Belly Fat Widens Odds of Emergency Surgery Troubles

Posted 30 Oct 2017 by

MONDAY, Oct. 30, 2017 – Excess belly fat dramatically increases the risk of complications and death after emergency surgery, a new study finds. The research included more than 600 patients who had emergency surgery and underwent CT scans of the abdomen and pelvis before surgery. These scans were used to calculate waist-to-hip ratios, a measure of belly fat. A healthy ratio should not exceed .90 in men and .85 in women, according to the World Health Organization. Nearly 70 percent of the patients in the study had an unhealthy waist-to-hip ratio equal to or higher than 1. "Our main goal is to identify those at risk for developing complications so we can intervene appropriately and improve the health care delivered," said study lead author Dr. Faisal Jehan, a research fellow in the department of surgery at the University of Arizona, Tucson. Overall, the complication rate was 33 percent ... Read more

Related support groups: Obesity, Weight Loss, Heart Attack, Myocardial Infarction, Prevention of Cardiovascular Disease, Cardiovascular Risk Reduction, Myocardial Infarction - Prophylaxis, Head Imaging

Hockey Study Suggests Injured Kids Sent Back on the Ice Too Soon

Posted 25 Oct 2017 by

WEDNESDAY, Oct. 25, 2017 – After-effects of a concussion continue to wrack the brains of young hockey players long after they appear ready to return to play, new research finds. MRI scans of concussed teen hockey players revealed brain changes persist for at least three months – weeks after other symptoms resolve and skaters are cleared to hit the ice, a Canadian research team found. Scores on thinking and memory tests – two current measures of recovery – returned to normal about 24 days (on average) following a concussion, the study findings showed. These results indicate that current clinical tests used to judge an athlete's recovery could be improved, said senior researcher Ravi Menon. He's a professor and chair of functional and molecular imaging with the University of Western Ontario's Schulich School of Medicine and Dentistry. "Clearly those tests are not very sensitive," ... Read more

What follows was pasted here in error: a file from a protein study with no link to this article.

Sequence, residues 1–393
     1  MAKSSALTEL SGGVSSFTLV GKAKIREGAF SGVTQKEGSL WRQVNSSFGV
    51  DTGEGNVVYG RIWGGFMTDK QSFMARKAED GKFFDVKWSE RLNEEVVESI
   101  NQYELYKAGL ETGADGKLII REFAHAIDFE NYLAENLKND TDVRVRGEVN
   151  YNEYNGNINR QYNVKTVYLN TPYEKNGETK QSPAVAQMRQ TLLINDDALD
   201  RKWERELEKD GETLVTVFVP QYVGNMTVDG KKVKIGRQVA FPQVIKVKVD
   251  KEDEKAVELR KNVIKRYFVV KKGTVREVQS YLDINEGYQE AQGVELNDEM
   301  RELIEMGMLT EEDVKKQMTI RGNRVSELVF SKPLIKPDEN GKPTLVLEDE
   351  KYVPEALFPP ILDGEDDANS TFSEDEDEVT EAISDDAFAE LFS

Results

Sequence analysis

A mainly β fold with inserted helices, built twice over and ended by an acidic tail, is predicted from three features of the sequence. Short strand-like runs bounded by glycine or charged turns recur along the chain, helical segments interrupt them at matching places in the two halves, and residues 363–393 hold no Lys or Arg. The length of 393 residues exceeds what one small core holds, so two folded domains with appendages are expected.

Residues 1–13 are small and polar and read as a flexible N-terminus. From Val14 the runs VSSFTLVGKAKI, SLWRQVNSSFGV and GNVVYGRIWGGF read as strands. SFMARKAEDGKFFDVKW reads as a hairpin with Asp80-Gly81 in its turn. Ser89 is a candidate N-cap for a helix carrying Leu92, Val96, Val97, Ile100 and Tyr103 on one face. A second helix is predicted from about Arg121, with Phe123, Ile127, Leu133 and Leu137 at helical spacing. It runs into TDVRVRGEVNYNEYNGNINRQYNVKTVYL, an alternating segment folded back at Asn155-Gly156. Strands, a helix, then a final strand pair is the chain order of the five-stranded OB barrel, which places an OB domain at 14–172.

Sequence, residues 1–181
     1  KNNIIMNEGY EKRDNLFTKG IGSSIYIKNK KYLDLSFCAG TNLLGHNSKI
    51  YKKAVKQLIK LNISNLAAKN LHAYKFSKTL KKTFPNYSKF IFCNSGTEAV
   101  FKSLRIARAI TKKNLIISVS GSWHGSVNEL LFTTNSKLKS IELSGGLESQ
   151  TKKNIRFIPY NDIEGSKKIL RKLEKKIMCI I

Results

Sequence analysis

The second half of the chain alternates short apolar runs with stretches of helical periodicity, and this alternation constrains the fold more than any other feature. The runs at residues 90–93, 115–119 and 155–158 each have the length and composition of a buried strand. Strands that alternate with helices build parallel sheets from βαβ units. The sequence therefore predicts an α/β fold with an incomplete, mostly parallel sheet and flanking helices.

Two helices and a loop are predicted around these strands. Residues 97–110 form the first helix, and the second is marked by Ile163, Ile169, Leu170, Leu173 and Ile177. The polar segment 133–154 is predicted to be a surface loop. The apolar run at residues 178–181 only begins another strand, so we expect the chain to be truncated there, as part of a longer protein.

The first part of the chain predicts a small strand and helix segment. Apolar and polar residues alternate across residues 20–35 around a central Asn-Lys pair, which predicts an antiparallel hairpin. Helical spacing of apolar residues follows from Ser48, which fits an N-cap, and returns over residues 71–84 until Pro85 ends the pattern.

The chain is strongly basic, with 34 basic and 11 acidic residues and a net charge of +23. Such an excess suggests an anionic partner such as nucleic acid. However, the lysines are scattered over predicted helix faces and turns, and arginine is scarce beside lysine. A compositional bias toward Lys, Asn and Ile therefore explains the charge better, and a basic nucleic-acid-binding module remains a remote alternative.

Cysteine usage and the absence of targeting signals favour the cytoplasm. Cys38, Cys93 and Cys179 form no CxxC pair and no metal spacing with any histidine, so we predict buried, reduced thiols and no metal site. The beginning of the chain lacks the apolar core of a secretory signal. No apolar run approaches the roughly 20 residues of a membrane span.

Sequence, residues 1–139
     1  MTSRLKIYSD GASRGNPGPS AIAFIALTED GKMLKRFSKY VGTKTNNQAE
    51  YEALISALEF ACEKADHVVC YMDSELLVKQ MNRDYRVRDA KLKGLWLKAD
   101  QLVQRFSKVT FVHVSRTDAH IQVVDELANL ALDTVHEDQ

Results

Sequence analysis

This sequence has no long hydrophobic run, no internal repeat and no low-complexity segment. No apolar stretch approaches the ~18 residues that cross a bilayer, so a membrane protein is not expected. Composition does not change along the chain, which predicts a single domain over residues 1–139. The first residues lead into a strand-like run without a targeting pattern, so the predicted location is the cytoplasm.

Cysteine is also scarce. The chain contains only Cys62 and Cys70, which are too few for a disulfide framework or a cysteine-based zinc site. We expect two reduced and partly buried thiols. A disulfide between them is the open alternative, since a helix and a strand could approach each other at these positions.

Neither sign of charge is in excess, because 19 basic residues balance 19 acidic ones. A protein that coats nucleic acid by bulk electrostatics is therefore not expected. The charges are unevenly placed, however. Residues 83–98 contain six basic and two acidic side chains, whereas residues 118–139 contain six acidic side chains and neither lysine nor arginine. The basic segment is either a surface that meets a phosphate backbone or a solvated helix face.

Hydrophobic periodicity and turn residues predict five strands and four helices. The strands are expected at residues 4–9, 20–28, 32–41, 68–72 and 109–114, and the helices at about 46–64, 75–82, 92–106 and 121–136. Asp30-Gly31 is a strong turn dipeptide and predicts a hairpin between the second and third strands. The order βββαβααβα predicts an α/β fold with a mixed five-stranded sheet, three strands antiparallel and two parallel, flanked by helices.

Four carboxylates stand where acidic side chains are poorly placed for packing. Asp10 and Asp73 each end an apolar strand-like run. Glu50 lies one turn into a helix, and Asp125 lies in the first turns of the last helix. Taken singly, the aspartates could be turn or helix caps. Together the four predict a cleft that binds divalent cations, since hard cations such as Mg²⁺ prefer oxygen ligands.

Related support groups: Head Injury, Diagnosis and Investigation, Head Injury with Intracranial Hemorrhage, Head Injury w/ Intracranial Hemorrhage and Loss of Consciousness, Head Imaging, Head Injury with Loss of Consciousness

Schizophrenia Affects Brain's Communication Network

Posted 18 Oct 2017 by

WEDNESDAY, Oct. 18, 2017 – The mental illness schizophrenia disrupts the brain's entire communication network, a new study suggests. This research disputes a theory that schizophrenia is caused by wiring problems only in certain parts of the brain. The findings could help direct future research into the disorder that affects more than 21 million people worldwide, the researchers said. "We can definitively say for the first time that schizophrenia is a disorder where white matter wiring is frayed throughout the brain," said study co-lead author Sinead Kelly, formerly a researcher at the Neuroimaging and Informatics Institute at the University of Southern California's Keck School of Medicine. The study included a review of brain scans from more than 1,900 people worldwide with schizophrenia. The researchers analyzed the "white matter" – the fatty brain tissue that enables brain cells ... Read more